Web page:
Thanks to recent breakthroughs in psoriasis research, that’s ancient history. New biologic therapies are highly effective for treating psoriasis, although they’re expensive and carry some risk. Other new psoriasis treatments are also close to FDA approval, bringing hope to millions of psoriasis sufferers.
Pustular psoriasis is a rare skin disease. It makes your skin become red and painful with raised, pus-filled bumps.
People of all ages and races can get pustular psoriasis. Men get the disease as often as women do. The average age of someone who has the disease is 50. Children don't get pustular psoriasis very often, but when they do, more boys than girls get the disease. It's rare among children ages 2 to 10.
Research in psoriasis doesn’t make headlines -- or win funding -- like discoveries in cancer or heart disease. Also, psoriasis research is hamstrung by the uniqueness of human skin: Unlike in other diseases, experiments on mice or other animals aren’t very helpful.
In recent years, though, psoriasis research funding by the National Institutes of Health has doubled. More broadly, research into other autoimmune diseases has yielded new knowledge about the immune system. It turns out some of the problems in other autoimmune illnesses are active in psoriasis, as well.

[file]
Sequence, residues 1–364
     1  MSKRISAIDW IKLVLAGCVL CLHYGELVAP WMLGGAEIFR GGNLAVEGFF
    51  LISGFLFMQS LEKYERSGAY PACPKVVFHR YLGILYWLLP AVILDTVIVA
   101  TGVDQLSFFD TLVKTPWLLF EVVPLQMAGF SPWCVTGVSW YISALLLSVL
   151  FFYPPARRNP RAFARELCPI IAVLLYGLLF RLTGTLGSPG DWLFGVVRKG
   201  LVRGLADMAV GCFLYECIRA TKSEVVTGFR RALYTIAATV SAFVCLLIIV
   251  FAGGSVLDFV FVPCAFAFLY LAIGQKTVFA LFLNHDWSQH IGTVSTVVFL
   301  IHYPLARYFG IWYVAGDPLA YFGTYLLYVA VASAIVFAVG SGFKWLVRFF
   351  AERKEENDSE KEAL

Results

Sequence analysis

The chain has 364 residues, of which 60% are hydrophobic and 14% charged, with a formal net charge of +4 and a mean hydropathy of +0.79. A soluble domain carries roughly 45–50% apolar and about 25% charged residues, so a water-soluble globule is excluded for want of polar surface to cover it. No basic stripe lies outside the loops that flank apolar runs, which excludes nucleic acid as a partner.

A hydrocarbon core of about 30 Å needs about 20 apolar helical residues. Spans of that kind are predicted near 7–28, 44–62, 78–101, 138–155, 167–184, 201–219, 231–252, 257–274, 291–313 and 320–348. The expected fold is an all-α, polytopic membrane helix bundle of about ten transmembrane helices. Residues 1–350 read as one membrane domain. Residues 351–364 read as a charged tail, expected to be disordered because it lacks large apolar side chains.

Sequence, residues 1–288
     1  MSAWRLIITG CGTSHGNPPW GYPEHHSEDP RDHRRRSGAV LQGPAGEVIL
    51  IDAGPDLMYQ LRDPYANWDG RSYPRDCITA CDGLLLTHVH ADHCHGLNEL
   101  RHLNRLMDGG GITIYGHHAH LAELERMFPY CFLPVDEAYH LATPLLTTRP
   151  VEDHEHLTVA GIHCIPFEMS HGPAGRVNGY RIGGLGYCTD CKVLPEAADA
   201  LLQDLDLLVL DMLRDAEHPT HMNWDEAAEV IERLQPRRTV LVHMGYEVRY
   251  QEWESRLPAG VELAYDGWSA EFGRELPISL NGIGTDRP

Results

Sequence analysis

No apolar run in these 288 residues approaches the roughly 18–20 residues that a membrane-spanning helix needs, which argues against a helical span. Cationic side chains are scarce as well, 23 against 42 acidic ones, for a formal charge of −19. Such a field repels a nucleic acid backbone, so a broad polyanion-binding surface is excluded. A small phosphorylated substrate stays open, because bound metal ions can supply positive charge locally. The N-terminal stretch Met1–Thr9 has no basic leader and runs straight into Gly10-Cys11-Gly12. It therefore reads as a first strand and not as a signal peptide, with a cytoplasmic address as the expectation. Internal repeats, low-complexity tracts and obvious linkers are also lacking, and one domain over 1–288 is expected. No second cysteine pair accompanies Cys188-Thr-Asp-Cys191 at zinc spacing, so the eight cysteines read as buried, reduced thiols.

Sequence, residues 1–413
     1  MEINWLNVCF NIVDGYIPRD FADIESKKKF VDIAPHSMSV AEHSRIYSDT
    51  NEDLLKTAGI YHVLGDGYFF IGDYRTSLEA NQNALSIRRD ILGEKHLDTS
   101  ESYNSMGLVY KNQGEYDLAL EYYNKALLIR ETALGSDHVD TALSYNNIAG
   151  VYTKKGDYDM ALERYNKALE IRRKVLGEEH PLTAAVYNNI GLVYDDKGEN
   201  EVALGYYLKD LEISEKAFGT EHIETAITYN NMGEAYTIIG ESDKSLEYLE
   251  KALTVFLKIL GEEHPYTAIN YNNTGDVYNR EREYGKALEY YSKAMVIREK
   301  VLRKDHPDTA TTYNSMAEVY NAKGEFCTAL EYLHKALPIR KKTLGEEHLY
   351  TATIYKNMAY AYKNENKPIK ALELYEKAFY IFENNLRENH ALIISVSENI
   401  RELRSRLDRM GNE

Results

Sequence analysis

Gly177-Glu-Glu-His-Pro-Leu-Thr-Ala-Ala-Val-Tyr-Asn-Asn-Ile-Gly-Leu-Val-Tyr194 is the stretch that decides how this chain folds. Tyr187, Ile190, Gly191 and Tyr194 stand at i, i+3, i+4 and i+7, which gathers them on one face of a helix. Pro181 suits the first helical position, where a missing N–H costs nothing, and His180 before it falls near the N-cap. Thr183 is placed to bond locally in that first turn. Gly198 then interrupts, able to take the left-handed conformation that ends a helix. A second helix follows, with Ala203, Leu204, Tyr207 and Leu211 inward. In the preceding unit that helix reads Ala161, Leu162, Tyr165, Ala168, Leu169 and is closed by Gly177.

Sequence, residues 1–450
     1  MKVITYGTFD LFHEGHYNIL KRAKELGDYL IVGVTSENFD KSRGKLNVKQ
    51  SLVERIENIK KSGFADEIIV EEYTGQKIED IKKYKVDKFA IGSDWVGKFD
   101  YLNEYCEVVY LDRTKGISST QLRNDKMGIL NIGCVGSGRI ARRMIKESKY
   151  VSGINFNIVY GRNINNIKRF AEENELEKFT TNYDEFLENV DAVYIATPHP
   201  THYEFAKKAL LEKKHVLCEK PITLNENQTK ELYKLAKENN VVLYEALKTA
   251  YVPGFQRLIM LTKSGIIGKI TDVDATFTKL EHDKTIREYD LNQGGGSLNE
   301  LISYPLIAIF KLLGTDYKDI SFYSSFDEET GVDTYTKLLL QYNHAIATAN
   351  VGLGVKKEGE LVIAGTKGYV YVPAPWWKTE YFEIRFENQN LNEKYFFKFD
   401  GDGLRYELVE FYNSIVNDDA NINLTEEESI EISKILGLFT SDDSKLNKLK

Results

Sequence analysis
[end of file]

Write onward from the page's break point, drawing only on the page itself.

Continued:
This greater understanding of immune system diseases has brought new treatments, targeted at specific aspects of the immune system. Called biologic agents, these drugs have launched a new era of treatment for psoriasis.
Biologic Agents as Psoriasis Treatment
Biologic agents are medicines made from substances found in living organisms. These lab-manufactured proteins or antibodies are injected into the skin or bloodstream. Once inside the body, the biologic agent blocks some part of the altered immune system that contributes to psoriasis.
In general, biologic agents improve psoriasis by:
Suppressing T-cells (a form of white blood cell) directly
Blocking a substance called tumor necrosis factor-alpha (TNF-alpha), one of the main messenger chemicals in the immune system
Blocking a family of the immune system’s chemical messengers called interleukins
The patches and plaques of psoriasis result from a dysfunctional interaction between skin cells and white blood cells. By interfering with TNF-alpha or T-cells, or targeting proteins called interleukins, biologic agents short-circuit the unhealthy association between the two cell types. Inflammation (redness and itch) and the overgrowth of thick, scaly skin are both reduced.